There are two monthly scheduled curbside pick-ups of recyclables in my town. On the second Tuesday morning of each month, an enormous blue toploader makes its way slowly up and down the streets, alternately roaring, wheezing and groaning at the application of accelerator, clutch and brake. It stops at every house and two men drag barrel after barrel of cans, bottles, and household plastics away from the curb toward the truck, emptying the contents of each into a rear-mounted conveyor. The conveyor fills rapidly and is then hoisted hydraulically into the air and rotated, so that its payload can rain down amid a thunderous clamor into the toploader’s interior. It’s a long, laborious and loud undertaking that virtually precludes sleeping late on that particular morning.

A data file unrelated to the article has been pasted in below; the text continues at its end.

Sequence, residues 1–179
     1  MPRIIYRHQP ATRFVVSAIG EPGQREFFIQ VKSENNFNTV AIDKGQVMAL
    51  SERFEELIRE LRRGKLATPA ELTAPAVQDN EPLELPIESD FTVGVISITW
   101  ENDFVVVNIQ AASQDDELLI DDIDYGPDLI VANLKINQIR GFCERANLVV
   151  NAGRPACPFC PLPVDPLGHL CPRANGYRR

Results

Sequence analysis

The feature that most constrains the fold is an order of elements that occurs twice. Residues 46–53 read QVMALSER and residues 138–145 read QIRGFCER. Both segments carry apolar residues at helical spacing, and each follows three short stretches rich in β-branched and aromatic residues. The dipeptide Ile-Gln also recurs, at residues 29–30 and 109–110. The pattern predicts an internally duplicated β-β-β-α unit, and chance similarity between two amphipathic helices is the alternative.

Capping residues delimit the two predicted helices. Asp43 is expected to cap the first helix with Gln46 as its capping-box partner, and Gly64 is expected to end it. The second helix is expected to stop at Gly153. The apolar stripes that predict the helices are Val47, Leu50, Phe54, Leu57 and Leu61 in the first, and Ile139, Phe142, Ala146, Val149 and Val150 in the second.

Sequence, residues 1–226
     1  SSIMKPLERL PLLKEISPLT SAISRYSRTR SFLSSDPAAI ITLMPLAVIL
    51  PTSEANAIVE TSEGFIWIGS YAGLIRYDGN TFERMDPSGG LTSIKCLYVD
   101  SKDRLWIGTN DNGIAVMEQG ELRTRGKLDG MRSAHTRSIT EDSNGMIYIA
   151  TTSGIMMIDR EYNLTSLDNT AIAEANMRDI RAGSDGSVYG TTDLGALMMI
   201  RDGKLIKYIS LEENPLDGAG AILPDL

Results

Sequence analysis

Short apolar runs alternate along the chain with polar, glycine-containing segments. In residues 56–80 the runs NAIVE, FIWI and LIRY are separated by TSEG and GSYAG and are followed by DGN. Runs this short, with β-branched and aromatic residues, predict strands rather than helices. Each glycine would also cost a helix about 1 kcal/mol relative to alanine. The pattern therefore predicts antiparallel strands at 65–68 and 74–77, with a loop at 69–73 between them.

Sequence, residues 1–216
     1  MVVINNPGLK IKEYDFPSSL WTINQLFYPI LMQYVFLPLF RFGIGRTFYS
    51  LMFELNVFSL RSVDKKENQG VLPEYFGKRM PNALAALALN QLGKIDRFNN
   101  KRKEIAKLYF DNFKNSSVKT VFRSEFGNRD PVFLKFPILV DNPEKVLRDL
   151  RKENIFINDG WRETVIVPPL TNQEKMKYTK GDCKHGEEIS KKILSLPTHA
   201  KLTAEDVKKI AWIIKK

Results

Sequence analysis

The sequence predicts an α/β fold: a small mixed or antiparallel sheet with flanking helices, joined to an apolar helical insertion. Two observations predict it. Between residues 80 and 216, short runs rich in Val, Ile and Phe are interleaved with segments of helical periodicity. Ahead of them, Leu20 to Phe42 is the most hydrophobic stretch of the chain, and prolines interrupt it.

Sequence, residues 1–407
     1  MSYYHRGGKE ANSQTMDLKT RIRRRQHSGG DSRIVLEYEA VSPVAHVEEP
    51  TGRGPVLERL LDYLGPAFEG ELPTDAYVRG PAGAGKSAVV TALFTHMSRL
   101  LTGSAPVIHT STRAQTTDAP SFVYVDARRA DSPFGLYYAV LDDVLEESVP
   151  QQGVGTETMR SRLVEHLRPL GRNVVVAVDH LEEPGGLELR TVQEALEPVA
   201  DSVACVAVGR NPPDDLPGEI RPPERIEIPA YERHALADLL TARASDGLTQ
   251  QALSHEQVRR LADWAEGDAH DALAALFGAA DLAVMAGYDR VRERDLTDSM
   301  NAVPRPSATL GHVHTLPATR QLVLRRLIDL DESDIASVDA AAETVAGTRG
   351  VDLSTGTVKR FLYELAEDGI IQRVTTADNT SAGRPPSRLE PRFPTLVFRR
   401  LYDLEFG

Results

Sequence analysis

On the fourth Tuesday of every month, the same big blue toploader cruises the streets of our town, braking only for stop signs and foolhardy squirrels. Usually, you have to be specifically listening for it, to even recognize that it has come and gone. The same two guys who endure a back-breaking day of frantic labor on the second Tuesday of each month have it easy on the fourth Tuesday. They hardly need disembark from their truck at all. It’s newspaper/magazine recycling day in my town.
The current recession has been particularly tough on newspapers. Dailies in Denver, Seattle, San Francisco, and other cities have closed shop for good, while flagship publications like the Washington Post, LA Times, and Boston Globe are bleeding to death. Once-popular magazines like Time, Newsweek, and the New Yorker aren’t doing any better. Once it’s all over, what will be left? My guess is, the two “papers of record,” The New York Times and The Washington Post. One center-left paper, one center-right paper.